Scotland to get its first carbon neutral eco-town Comments on the health implication of energy efficient dwellings.

Howieson, S. (Interviewee)

Activity: Other activity typesTypes of Public engagement and outreach - Media article or participation

Description

Sunday Herald. Article by Rachelle Money, with long quote from SH: Dr Stirling Howieson, director of the Centre for Environmental Design and Research (Cedar) at Strathclyde University, said some eco-homes were "tight polythene boxes for people to live in that save energy but make people deeply unhealthy". He said developers must prioritise people's health when building eco-homes. Howieson, along with a major UK building firm, is just months away from unveiling a new prototype for an eco-home, which would both save energy and cut toxins and dust mites which lead to asthma and other allergies. "In the seventies and eighties we had cold damp housing, and now we have warm damp housing. They are riddled with dust mites which we didn't used to have and that is what's driving the asthma pandemic. There is a way to optimise the conflicting demands between energy efficiency and air quality and that's what we have been working on for 15 years. It's a very specific prototype and one of the first eco-homes that actually balances energy efficiency with health." Howieson believes this kind of housing should be offered to the public. "People want hydrogen cars but they can't have them because no-one's manufactured them yet, but when they do people will buy it. We want to live a healthier way in the same way we don't want to eat toxic food with chemicals in them, we don't want to live in a toxic house that makes us ill."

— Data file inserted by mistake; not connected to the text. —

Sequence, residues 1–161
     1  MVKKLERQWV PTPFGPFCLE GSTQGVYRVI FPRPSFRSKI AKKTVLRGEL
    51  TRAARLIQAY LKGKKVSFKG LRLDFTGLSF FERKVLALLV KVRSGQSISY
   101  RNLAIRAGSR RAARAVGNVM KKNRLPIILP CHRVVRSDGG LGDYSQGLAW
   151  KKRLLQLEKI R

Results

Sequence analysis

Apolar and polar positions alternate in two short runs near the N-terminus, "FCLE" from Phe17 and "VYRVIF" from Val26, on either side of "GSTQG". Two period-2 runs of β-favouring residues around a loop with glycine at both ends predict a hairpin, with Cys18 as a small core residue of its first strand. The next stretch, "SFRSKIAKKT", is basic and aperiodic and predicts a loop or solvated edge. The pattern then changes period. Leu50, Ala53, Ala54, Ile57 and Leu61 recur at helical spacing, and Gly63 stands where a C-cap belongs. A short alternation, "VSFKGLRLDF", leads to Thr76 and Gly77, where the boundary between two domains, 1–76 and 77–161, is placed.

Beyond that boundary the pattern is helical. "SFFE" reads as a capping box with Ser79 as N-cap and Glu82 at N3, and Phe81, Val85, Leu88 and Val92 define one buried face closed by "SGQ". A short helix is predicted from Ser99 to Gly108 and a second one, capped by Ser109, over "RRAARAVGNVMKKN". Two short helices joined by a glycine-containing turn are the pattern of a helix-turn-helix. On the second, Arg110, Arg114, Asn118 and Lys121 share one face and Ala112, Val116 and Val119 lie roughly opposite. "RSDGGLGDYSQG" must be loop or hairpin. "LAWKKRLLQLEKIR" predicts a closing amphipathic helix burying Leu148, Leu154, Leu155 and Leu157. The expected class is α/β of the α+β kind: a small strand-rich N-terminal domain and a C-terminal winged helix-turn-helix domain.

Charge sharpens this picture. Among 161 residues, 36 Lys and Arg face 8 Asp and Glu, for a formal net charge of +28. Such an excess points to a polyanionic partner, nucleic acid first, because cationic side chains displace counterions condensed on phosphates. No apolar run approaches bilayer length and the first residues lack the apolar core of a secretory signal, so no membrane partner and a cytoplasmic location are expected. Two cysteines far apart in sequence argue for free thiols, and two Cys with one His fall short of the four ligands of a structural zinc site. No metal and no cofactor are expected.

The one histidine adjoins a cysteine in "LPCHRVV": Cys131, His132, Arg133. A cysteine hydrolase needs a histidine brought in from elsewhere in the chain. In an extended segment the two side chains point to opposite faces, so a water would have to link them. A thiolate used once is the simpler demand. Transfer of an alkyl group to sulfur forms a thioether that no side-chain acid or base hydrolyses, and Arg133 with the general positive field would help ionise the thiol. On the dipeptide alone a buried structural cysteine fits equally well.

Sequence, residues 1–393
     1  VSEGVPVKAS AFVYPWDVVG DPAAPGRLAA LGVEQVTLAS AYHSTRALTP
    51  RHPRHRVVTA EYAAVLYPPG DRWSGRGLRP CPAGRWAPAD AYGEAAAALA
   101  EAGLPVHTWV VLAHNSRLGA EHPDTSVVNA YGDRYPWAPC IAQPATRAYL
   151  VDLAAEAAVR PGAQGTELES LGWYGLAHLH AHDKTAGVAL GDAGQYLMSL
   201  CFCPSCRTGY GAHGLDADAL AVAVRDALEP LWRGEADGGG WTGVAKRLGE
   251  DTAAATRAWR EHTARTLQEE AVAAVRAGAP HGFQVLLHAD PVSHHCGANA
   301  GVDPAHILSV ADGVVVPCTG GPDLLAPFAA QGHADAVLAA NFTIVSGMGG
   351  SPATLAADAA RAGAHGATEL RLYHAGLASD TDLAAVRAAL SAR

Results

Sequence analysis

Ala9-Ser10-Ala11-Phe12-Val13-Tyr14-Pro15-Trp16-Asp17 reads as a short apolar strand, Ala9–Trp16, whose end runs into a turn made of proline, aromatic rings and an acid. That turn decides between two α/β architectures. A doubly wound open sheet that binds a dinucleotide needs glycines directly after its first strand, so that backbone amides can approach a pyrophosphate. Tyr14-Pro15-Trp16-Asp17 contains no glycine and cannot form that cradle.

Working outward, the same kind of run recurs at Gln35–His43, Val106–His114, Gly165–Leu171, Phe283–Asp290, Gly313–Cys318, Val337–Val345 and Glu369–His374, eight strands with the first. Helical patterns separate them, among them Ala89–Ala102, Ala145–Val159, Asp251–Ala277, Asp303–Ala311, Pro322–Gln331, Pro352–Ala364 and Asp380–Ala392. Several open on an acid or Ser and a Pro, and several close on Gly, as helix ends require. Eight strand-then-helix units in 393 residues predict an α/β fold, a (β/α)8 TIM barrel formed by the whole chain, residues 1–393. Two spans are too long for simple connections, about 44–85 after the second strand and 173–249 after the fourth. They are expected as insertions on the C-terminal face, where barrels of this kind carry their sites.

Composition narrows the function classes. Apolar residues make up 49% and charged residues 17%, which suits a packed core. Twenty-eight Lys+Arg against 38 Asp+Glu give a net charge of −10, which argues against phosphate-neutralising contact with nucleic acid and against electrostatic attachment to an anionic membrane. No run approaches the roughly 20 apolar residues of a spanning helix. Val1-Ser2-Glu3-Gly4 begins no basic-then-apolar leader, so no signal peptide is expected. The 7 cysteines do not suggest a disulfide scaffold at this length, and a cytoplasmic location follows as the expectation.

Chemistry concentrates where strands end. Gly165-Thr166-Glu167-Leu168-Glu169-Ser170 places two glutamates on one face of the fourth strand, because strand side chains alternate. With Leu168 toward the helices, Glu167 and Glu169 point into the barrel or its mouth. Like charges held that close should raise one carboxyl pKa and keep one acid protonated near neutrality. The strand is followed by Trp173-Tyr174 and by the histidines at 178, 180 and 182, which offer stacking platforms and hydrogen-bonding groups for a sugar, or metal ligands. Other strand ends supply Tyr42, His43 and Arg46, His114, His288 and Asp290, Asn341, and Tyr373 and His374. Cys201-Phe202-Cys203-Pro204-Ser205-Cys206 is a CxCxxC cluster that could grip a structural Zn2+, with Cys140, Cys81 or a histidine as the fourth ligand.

Period23 Feb 2008
Held atThe Sunday Herald, United Kingdom